Elite Eight Notebook

Kentucky comes into Saturday's regional final against West Virginia as perhaps the betting-line favorite to win the NCAA Tournament with other top seeds heading home early. But the players for the Southeastern Conference champions hardly were asked about their opponents during formal interviews at the Carrier Dome on Friday.

In fact, only one question directed at the Wildcats' players was aimed at discussing the game itself -- and even that was only to ask if their freshman phenoms DeMarcus Cousins and John Wall had any familiarity with WVU's squad from before.

"I know Devin Ebanks," said Cousins. "I played against him once. He [scored] like 40 [points]. That's the only player I know."

"All I know is Kevin Jones," Wall added. "I met him at Reebok U Camp when I first was coming on the scene. He's a great player."

  • The Huntington native and UK star junior forward Patrick Patterson was asked about his recruitment process and if the Mountaineers ever entered into the picture for his services.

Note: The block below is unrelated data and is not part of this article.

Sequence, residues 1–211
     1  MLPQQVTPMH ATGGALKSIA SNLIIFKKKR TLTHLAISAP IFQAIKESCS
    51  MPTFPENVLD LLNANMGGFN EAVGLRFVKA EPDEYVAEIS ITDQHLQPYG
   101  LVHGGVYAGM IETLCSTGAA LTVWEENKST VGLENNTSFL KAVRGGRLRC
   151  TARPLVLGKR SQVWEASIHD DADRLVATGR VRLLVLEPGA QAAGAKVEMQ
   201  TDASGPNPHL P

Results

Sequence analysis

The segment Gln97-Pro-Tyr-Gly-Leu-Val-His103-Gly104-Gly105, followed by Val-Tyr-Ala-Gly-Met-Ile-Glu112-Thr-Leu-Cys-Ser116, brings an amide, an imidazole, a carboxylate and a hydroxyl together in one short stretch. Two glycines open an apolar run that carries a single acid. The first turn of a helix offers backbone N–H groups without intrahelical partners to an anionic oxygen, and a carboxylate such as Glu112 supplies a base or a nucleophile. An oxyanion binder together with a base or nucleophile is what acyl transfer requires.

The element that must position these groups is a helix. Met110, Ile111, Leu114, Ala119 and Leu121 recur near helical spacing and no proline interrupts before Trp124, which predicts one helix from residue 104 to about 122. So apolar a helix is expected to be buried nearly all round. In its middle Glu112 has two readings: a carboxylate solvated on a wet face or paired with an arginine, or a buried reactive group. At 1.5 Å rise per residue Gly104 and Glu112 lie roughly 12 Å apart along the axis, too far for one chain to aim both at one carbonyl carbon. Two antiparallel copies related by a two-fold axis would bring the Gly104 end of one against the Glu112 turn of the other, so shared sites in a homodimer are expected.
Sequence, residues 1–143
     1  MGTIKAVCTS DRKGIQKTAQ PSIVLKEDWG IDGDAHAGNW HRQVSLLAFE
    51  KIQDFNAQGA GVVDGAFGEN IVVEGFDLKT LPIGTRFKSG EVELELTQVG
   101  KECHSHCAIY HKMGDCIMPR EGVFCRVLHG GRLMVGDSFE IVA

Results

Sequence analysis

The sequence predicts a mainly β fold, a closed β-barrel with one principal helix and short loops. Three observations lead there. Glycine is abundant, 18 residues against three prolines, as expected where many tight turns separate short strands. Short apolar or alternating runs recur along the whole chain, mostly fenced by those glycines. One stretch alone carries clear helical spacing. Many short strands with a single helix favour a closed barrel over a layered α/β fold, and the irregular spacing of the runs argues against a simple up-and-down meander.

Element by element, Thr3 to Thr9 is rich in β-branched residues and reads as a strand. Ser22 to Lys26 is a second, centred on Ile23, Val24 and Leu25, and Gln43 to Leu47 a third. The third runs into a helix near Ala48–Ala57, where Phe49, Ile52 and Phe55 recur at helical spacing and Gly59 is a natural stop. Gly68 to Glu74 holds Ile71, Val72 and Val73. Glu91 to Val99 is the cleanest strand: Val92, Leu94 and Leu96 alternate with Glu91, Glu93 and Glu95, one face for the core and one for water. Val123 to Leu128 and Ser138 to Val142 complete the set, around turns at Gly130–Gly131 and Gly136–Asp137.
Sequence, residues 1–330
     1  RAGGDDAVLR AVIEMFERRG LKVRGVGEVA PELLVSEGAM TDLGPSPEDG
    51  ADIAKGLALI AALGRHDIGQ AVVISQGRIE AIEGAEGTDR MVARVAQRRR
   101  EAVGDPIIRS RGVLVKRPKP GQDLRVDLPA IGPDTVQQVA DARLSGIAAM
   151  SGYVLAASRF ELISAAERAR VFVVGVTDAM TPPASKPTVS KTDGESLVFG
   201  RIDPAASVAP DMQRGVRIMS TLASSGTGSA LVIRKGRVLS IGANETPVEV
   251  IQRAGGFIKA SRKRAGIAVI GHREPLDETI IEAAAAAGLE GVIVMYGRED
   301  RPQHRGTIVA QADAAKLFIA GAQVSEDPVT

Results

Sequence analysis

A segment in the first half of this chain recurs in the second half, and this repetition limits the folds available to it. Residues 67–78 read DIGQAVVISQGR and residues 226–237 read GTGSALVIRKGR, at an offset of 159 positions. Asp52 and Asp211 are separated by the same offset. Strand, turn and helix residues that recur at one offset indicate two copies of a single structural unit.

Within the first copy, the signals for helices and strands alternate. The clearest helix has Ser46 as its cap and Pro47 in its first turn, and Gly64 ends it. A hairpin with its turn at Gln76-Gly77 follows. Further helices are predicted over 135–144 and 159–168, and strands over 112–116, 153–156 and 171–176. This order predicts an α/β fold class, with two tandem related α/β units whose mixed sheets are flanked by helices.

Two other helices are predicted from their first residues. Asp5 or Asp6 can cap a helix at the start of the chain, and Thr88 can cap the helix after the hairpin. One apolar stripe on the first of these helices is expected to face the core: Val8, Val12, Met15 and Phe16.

Patterson was coming out of Huntington High just as former West Virginia head coach John Beilein was concluding his tenure in Morgantown and departing for Michigan.

    Bob Huggins tried to get involved with Patterson after being hired to coach the Mountaineers in the days following Beilein's exit, but by then, the star recruit (who was overshadowed even in his hometown by O.J. Mayo) had narrowed his list to Kentucky and Florida.

    "I talked to Coach Beilein a lot of times," recalled Patterson, who is completing his undergraduate degree in three years and is widely expected to enter the NBA Draft after this season.

    "As far as being a [WVU] fan, I really wasn't, but I had a lot of interest in them. I went up on tours of the campus and met Coach Beilein, a couple of players and [toured] facilities. I liked it. it was home and all my friends were going there."

    "Coach Huggins came in and picked up where [Beilein] left off in talking to me. But by that time, I had been interested in Kentucky."

  • To hear Wildcats head coach John Calipari tell it, one reason his patchwork cast of former players from the Billy Gillispie era and the plethora of talented recruits he brought in after being hired this spring has meshed so well is simple.

    They just like each other.